Classy Goats Multiply In McKinleyville – January 31, 2012

Tuesday, January 31, 2012

Libidinous hussies clamor for attention in the breeding pen at Cypress Grove Chevre's Dow's Prairie goat dairy. Photos by KLH | Eye

Kevin L. Hoover

Eye Editor

McKINLEYVILLE – The goats are good to go, even hot to trot, at Cypress Grove Chevre’s (CGC) new dairy on Dow’s Prairie Road in McKinleyville.

But only figuratively. For now, they seem content to flirt and gambol inside the repurposed horse pens that their human overseers are calling the “red light district.”

There, the randy ruminants which compose the beginning of CGC’s permanent herd are making whoopee, with the first batch of kids anticipated in June.

Bob McCall and Ryan Andrus commune with one of their fuzzy charges.

“We’re going to have one of the genetically best herds in America,” says Bob McCall, CGC sales and marketing director. Each of the 195 “starter” goats was hand-picked for their high pedigrees.

CGC undertook creation of its own dairy for several  reasons. Among them, to meet booming demand for its premium cheese, and in the longer term, to help grow Humboldt’s goat scene by implementing its vision of a modern dairy that is both artisinal in quality and industrial in scale.

CGC walked away from its original plan for a multimillion-dollar goat dairy in Arcata after neighbors of the Arcata Bottom site, known as the Gilardoni Property, reacted with a combination of scare rhetoric about goat waste killing children and physically menacing company employees.

This boy made himself irresistible to the girl-goats with liberal use of urine-cologne, gaining a tousled hairdo that looks as though it was styled that way. The bling helps too.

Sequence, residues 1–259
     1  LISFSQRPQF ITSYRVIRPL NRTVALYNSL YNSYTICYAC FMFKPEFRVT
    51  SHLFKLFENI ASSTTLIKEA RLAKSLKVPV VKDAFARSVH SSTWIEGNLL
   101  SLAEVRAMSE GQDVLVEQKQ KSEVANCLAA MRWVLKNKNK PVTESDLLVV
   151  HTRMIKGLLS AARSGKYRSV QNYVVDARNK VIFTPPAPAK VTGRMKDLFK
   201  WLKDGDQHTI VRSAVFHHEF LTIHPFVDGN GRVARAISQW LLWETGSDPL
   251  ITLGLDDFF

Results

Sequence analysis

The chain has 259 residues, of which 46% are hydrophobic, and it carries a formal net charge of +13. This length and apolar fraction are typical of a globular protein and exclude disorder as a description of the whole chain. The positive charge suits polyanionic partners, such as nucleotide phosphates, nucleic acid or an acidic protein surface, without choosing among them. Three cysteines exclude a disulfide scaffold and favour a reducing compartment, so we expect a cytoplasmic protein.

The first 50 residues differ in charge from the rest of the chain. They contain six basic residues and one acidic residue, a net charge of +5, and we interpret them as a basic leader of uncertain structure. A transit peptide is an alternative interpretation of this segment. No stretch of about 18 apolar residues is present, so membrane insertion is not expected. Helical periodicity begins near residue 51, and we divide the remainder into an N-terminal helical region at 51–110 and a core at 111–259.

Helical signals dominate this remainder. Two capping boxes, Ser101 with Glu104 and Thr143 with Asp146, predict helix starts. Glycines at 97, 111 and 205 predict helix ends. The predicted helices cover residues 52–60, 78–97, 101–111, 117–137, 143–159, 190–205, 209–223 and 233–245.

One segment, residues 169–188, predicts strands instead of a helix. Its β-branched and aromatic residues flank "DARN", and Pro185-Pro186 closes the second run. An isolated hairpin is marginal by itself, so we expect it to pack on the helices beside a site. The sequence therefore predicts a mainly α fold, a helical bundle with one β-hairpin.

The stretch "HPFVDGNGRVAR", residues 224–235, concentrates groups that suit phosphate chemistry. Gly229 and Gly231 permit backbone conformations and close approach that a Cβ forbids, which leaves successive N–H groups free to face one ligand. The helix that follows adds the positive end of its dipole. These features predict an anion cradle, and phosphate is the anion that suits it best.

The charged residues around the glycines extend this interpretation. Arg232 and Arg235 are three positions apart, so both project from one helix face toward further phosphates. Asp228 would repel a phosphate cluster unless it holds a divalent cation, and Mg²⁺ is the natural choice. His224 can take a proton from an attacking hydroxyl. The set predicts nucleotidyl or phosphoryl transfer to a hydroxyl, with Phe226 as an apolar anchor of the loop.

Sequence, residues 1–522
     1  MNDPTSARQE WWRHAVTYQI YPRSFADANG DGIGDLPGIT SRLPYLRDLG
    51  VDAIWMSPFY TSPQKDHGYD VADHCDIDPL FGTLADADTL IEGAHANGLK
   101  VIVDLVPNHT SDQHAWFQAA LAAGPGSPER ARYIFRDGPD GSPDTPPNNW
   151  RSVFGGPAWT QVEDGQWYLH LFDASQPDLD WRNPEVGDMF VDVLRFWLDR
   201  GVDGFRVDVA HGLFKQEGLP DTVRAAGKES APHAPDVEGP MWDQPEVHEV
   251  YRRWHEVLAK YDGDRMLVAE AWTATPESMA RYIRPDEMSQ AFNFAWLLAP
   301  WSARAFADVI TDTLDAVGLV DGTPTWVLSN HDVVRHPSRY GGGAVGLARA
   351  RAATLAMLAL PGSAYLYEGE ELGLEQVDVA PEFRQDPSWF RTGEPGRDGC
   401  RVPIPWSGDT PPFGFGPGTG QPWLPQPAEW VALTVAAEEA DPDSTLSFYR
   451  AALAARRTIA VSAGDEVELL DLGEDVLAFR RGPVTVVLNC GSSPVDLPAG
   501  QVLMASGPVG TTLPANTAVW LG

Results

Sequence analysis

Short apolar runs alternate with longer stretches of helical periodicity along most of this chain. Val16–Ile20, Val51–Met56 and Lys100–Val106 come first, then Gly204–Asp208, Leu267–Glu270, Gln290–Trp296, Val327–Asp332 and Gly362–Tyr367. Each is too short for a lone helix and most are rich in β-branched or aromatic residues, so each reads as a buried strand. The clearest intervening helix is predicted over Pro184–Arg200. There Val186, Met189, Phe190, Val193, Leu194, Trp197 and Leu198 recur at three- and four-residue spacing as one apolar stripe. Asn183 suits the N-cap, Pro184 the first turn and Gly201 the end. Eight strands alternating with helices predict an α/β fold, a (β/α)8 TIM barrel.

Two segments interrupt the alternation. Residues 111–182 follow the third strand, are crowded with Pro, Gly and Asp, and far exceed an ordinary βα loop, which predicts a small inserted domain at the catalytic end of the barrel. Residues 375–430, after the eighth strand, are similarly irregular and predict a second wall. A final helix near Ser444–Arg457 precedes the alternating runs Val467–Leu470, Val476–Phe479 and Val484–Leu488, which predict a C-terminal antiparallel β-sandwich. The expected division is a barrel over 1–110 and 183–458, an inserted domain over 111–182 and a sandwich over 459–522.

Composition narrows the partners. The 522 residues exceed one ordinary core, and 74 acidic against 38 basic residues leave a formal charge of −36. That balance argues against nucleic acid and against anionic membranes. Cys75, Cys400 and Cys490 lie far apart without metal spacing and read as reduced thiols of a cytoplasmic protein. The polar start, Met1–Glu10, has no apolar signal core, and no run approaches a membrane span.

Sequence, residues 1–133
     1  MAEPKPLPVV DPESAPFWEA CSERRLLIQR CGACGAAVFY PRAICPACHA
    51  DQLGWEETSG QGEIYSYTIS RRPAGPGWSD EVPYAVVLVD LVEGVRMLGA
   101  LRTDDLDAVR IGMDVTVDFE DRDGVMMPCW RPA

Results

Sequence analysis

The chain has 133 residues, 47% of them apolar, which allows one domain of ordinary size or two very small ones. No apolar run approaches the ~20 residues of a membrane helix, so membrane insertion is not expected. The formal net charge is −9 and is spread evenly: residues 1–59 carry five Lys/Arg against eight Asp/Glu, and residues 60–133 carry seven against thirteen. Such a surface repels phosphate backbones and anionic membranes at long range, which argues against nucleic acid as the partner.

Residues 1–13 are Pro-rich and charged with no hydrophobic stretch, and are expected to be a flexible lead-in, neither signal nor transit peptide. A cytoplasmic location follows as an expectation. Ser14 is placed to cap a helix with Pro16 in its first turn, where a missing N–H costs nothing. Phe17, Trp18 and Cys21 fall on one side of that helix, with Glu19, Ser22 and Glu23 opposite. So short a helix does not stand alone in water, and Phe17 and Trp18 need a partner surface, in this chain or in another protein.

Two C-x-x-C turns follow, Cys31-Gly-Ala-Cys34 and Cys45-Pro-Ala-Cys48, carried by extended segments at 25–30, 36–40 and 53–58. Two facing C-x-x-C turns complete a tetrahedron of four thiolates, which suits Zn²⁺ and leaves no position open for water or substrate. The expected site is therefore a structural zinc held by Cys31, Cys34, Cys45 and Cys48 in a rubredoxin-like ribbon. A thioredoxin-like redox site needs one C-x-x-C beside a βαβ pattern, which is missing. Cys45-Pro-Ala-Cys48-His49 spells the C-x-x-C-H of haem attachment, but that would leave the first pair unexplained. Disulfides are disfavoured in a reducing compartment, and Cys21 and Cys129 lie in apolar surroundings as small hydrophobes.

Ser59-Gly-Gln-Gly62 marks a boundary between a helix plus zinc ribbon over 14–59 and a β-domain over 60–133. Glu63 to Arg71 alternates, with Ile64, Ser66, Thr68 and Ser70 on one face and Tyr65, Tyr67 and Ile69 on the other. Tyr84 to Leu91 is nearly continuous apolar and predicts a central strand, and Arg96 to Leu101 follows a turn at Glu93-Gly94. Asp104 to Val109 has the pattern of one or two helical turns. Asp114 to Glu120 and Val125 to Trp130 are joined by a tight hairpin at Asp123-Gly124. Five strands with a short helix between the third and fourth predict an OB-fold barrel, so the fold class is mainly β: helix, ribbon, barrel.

The harsh rebuke of a proposal that the company had offered to shape in consultation with the neighbors – despite no public process being required due to its siting on land already zoned for agriculture – triggered a blowback of anguish at the missed opportunity by many who supported the dairy. It also gave fresh momentum to establishment of an open-space greenbelt around Arcata, one in which this sort of ag activity would be banned.

All that seems like a distant bad dream now, as 15 miles north of the ever-hyperpoliticized Arcata rhetoric, new hoop barns rise on the company’s tranquil, 37-acre Dow’s Prairie dairy while goats frolic in their pens.

McCall acknowledges that the bitter Arcata experience –which he called “water under the bridge” –  resulted in a better situation for CGC and its herd after all. “We’re very happy with this piece of property,” McCall said. “It has a lot more to offer than the Gilardoni Property.”